#IStandWithNigeria protesters have given the Federal government till May 29, 2017, to meet its demands otherwise “the agitations will be louder and more intense.”
In a statement released by Enough is Enough Nigeria Group and signed by “Nigerian Citizens,” on Monday, protesters called on the government to address its demands: Transparency, Security, Cost of Government, Social Justice and Corruption, and Power.
Read the statement below:
Prof. Yemi Osinbajo, SAN
Acting President & Commander-in-Chief of the Armed Forces
Federal Republic of Nigeria
Nigerians Speak in One Voice That This Administration Has Failed to Deliver on Its Promises
In the words of Abubakar Tafawa Balewa, Nigeria’s First Prime Minister, ‘the future of this vast country must depend, in the main, on the efforts of ourselves to help ourselves.’
Since the idea of a protest was muted a few weeks ago and a call to action was given for Nigerians to share their challenges and concerns via social media and SMS, we have received hundreds of text messages, Whatsapp messages; thousands of comments via various social media platforms and millions of engagements through various hashtags.
The messages paint a clear picture of hardship across the country. Nigerians are facing difficult economic challenges and do not see any end in sight. Our standards of living
have worsened and we are also disappointed in the lack of transparency and an ineffective fight against corruption in a government that made a fight against corruption a key pillar of its campaign. In summary, the change that Nigerians were promised has not been delivered and a road map to the desired destination is yet to be communicated.
This is not about ad-hoc programs or sound-bites, but a sincerity in the government, from the Presidency to its various ministries and agencies, that this government that means what it says and says what it means. The various spokespersons for the administration are dismissive of Nigerians’ concerns, repeating that Nigeria is working when it is clear, even to the blind, that it is not!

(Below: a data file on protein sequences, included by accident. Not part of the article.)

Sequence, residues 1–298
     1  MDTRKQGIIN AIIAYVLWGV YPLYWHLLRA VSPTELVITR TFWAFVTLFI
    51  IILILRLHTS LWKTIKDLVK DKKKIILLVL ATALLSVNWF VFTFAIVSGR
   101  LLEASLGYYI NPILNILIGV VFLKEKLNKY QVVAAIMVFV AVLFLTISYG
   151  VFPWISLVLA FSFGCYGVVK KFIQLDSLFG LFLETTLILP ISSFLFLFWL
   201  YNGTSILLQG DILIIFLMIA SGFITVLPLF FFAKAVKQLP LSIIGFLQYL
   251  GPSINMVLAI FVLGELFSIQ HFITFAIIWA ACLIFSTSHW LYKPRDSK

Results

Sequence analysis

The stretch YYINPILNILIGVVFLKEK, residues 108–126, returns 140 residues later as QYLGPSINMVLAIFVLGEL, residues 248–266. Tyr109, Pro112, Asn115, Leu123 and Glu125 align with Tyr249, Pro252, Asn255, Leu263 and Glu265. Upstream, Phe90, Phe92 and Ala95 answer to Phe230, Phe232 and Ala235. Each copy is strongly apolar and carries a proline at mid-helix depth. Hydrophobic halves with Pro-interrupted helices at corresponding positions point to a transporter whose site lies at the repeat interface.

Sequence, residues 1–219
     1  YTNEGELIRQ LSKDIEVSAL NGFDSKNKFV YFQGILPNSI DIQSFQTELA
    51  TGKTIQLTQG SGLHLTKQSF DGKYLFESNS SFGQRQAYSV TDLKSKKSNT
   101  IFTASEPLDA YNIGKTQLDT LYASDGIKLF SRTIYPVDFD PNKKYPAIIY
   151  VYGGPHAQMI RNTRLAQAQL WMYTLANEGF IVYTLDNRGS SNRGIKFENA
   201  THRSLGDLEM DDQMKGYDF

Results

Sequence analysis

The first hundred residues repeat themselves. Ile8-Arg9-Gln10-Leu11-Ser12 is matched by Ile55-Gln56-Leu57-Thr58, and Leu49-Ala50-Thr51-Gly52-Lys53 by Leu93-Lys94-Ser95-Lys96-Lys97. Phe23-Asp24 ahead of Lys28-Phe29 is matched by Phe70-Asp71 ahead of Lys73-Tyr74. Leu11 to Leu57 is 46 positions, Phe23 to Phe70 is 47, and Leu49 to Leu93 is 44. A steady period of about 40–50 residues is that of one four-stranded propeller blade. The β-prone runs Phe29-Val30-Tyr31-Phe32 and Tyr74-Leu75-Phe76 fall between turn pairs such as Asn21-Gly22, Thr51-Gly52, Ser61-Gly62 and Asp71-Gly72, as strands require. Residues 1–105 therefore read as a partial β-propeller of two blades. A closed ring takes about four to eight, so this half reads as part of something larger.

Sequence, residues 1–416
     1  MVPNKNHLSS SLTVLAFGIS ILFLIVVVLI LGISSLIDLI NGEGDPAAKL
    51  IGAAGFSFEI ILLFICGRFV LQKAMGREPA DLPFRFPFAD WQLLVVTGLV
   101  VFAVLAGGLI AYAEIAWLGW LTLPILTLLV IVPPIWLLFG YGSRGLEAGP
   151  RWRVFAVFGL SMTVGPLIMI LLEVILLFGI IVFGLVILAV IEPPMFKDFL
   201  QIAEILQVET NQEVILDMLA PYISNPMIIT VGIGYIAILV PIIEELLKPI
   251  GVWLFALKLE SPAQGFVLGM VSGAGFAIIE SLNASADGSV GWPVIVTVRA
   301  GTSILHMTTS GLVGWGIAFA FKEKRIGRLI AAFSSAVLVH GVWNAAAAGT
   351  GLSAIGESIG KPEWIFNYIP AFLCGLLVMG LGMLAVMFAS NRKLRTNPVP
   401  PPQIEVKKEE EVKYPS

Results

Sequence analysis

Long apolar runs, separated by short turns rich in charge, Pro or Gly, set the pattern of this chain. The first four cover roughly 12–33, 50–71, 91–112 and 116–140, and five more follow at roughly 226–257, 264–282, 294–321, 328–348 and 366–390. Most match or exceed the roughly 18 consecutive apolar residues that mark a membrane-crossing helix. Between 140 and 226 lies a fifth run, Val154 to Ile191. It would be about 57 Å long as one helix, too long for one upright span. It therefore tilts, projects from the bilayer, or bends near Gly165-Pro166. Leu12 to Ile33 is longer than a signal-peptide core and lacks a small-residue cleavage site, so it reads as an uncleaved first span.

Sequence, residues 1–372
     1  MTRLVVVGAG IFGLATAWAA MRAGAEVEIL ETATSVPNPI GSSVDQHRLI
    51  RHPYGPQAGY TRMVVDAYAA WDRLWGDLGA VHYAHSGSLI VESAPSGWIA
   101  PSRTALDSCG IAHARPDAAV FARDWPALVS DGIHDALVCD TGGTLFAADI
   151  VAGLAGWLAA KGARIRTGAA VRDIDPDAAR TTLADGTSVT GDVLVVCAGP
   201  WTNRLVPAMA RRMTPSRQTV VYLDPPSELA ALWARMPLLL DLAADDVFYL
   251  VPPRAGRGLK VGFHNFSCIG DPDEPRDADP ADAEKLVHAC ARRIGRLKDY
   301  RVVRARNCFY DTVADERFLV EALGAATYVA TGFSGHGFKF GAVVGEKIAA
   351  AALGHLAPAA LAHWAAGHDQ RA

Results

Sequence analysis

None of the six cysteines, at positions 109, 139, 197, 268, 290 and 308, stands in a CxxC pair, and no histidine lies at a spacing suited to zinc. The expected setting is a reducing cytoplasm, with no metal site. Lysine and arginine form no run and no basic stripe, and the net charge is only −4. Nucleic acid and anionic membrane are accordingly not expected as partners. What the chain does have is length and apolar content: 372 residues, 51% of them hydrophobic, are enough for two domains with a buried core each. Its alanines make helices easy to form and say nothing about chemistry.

For example, a lot of work has gone into attempts to scuttle the peaceful gatherings in Lagos and Abuja, when the citizens right to free speech is inalienable. Furthermore, the implied attempt by some elements in security agencies to stifle the inalienable rights of Nigerians to freedom of speech and assembly cannot be allowed. We are in a democracy and citizens must be able to express their displeasure with their elected representatives in a lawful manner. If as much attention was paid to good governance, our circumstances would be much better.
We all suffer from the country’s dysfunction and we are saying – Enough is Enough! Nigeria must come first! Not personal interests, not sectional interests; not business interests. From the impact of perennial power shortage to the lack of decent health care facilities and a good education for our children, we all pay the price, one way or another, for bad governance. The police who are here with us today, the teachers, hawkers in the street, traders in the market, labourers, all of us suffer when Nigeria doesn’t work. The hardship we are going through is why we are gathered here today. Thousands of jobs have been lost over the last one year, factories have closed, people are struggling not just to keep their kids in school but provide the most basic of things – food. We have watched the price of some of our staple foods double, even triple in some cases. Yet the response to our decision to protest, a freedom and a right guaranteed by our constitution, was multiple attempts to intimidate us and discredit us. May we remind you that repressing angry and frustrated citizenry never bodes well for those in power?
Perhaps it isn’t surprising that political office holders have no idea how bad things have become after all their office, the political power they wield, their jumbo pay & allowance, means that their reality is very much removed from that of regular Nigerians, the people they promised, nay, swore to serve.
Well, most Nigerians are now fed up so we are gathered today, here and now to tell you that things are bad; really, really bad. It is also important to state, that while this message is addressed to you as the President of this great nation, the frustrations are not only towards the Federal Government. We are also speaking to the National Assembly whose job it is to represent Nigerians at the Federal level and their responsibilities include law-making; appropriating monies and ensuring they are spent judiciously. However, they have so far spent the last two years in office fighting for spoils, buying expensive cars, spending time on corruption allegations against several members and unanswered questions around the budgeting process and allegations of budget manipulation. At the State level, several states owe salaries and have refused to be accountable and transparent in the spending of resources, including the bailout funds they received from the Federal Government. This is simply unacceptable.